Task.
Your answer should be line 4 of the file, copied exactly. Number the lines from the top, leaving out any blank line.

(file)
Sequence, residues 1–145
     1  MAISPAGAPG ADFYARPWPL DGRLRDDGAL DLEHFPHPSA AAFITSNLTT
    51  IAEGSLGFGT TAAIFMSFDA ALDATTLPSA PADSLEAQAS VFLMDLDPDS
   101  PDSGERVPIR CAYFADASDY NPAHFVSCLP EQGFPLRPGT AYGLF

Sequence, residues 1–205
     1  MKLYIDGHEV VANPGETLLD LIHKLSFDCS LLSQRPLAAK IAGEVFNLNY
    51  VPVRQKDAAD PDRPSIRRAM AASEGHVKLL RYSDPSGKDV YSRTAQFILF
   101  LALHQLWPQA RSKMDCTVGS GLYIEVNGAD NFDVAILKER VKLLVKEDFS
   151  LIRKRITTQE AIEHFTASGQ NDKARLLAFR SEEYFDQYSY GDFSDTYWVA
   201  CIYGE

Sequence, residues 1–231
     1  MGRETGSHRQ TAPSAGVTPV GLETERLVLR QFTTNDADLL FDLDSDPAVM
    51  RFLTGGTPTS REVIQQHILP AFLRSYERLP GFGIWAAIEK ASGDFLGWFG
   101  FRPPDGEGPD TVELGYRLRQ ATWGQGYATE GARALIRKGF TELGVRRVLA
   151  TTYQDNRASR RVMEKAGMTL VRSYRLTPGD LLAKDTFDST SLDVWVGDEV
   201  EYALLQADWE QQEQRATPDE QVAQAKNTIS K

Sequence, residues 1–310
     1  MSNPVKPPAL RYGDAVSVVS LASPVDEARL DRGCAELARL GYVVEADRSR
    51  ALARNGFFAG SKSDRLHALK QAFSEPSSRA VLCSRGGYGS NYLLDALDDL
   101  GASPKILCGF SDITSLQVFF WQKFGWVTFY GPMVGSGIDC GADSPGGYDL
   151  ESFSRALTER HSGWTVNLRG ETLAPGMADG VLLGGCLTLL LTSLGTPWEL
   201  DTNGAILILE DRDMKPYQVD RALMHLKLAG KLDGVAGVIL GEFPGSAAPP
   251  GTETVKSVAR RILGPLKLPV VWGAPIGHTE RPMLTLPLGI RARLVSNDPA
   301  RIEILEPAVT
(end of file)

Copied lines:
   101  PDSGERVPIR CAYFADASDY NPAHFVSCLP EQGFPLRPGT AYGLF